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Central Park

Zoo map_it

History

This text is part of Parks’ Historical Signs Project and can be found posted within the park.

Animal sculptures abound in Central Park, but the largest concentration can be found in or near the Wildlife Center. In 1934, the first year of Commissioner Robert Moses’s administration, modern brick buildings replaced the dilapidated wooden Menagerie. Officially renamed the Central Park Zoo, decoration for the new buildings included elegant limestone bas reliefs and niches displaying whimsical bronze animals by Brooklyn-born sculptor Frederick George Richard Roth (1872 – 1944). Roth, noted for his animal sculptures, was subsequently named chief sculptor of Parks & Recreation. His sculpture of the Alaskan dog-sled hero Balto, at 67th Street near Fifth Avenue, commissioned in 1925, is his most famous Central Park work. Two years later he created Dancing Goat and Honey Bear, placed respectively at the southern and northern external niches of the zoo. Both function as fountains and feature miniature frogs and birds spouting water at the base of the animals. The bear and the goat dance and whimsically extend their tongues to catch insects that may be passing by.

The bas relief friezes featured on the buildings of the Wildlife Center depict the simple forms of animals drawn in stone. The delightful representation of antelopes, lions and wolves are animals that were once featured in the former Central Park Zoo. The monkey frieze over the entrance to the Zoo School, formerly the Monkey House, depicts a fanciful scene of a mother protecting her young while another monkey chases a butterfly. Over the entrance to the Zoo Gallery, formerly the Bird House, Roth sculpted an imposing eagle with outspread wings. The relationship between the artist’s bird and the eagle already in place over the entrance to the Arsenal was evident to Roth. Whereas Roth’s eagle represents the animal in his natural habitat, the one on the Arsenal—a former military structure and now headquarters of New York City Parks & Recreation—emphasizes the eagle as the iconic symbol of America.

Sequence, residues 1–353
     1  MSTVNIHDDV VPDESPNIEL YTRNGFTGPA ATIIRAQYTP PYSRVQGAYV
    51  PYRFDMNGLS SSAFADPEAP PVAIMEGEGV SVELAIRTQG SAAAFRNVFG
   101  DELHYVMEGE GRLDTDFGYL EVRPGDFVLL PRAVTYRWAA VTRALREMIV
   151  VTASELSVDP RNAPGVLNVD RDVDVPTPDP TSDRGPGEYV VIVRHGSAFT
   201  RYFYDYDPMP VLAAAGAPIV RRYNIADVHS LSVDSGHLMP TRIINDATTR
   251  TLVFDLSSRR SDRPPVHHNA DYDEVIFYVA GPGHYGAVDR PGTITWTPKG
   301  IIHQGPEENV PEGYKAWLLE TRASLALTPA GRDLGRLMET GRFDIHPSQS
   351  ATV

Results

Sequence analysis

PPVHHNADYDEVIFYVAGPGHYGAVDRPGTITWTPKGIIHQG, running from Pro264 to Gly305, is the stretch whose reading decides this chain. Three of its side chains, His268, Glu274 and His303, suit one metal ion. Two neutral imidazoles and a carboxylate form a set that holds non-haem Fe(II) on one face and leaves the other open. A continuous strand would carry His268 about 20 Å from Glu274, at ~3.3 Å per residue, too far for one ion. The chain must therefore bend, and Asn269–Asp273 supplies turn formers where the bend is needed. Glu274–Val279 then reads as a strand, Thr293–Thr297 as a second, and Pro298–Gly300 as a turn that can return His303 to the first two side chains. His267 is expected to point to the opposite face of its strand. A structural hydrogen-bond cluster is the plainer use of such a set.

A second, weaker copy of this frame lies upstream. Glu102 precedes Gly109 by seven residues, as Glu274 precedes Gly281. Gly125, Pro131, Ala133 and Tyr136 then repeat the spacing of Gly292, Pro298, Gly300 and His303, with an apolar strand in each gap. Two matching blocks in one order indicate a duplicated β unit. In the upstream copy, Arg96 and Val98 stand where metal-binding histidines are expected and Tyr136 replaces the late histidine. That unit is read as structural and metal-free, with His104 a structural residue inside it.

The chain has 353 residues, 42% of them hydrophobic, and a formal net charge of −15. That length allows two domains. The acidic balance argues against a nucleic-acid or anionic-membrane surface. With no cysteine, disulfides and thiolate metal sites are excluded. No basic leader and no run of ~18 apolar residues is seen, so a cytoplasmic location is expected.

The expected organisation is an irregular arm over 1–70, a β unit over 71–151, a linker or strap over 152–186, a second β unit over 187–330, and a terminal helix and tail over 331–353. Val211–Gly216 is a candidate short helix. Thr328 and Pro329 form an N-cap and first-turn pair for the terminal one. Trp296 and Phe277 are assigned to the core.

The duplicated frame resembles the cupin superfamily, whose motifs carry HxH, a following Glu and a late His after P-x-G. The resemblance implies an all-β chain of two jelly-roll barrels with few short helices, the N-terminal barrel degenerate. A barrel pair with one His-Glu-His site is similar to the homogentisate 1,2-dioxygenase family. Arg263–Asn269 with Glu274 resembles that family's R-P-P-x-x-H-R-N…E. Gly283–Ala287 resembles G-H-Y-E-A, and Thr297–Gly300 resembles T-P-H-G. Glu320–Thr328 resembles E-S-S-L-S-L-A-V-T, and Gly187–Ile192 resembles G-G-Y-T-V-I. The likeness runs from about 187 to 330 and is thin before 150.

Tigress and Cubs, by Auguste Cain, was presented to the Park in 1866. This piece has a character different from the other sculptures in the area. Where Roth strove to portray animals in a fanciful and light-hearted manner, other mid-nineteenth century sculptors like Caine preferred to depict the fierce qualities often associated with them. Auguste Cain was a student of Antoine-Louis Bayre, the most influential animalier in France, as this realistic school of sculptors was called. Here we see the tigress with tense muscles and bared fangs proudly presenting a dead peacock in her mouth to her young cubs eagerly awaiting their next meal. The sculpture, originally placed in a rural park setting, was moved to the newly renovated zoo in 1934.

Zoo Details

  • Location: Entrance to Arsenal; 5th Avenue at 64th Street
  • Architect: Gargani and Son
  • Description: Tablets (2)
  • Materials: Bronze
  • Dimensions: H: 1'1" W: 1'4 ½"
  • Dedicated: 1939
  • Donor: Purchase

Please note, the NAME field includes a primary designation as well as alternate namings often in common or popular usage. The DEDICATED field refers to the most recent dedication, most often, but not necessarily the original dedication date. If the monument did not have a formal dedication, the year listed reflects the date of installation.

For more information, please contact Art & Antiquities at (212) 360-8143

Directions to Central Park

Know Before You Go

There are currently 2 service interruptions affecting access within this park.

PlaygroundsEast 72nd St Playground

The East 72nd St Playground is closed for construction. It will reopen this summer. Central Park Conservancy is renovating the playground to improve its accessibility and connection to the park's landscape. Please visit the Central Park Conservancyfor more information.

ParkCentral Park

As of April 27, Central Park's Bow Bridge is closed to the public for structural work and a fresh coat of paint. The work is expected to last three to four months. Removing the old paint will require wrapping the bridge in a tent-like structure to prevent debris from falling into the water. Along with repainting, the work will include replacing the wooden decking, fixing several beams on the underside of the span, and reinforcing approaches at either end.
Anticipated Completion: Summer 2015

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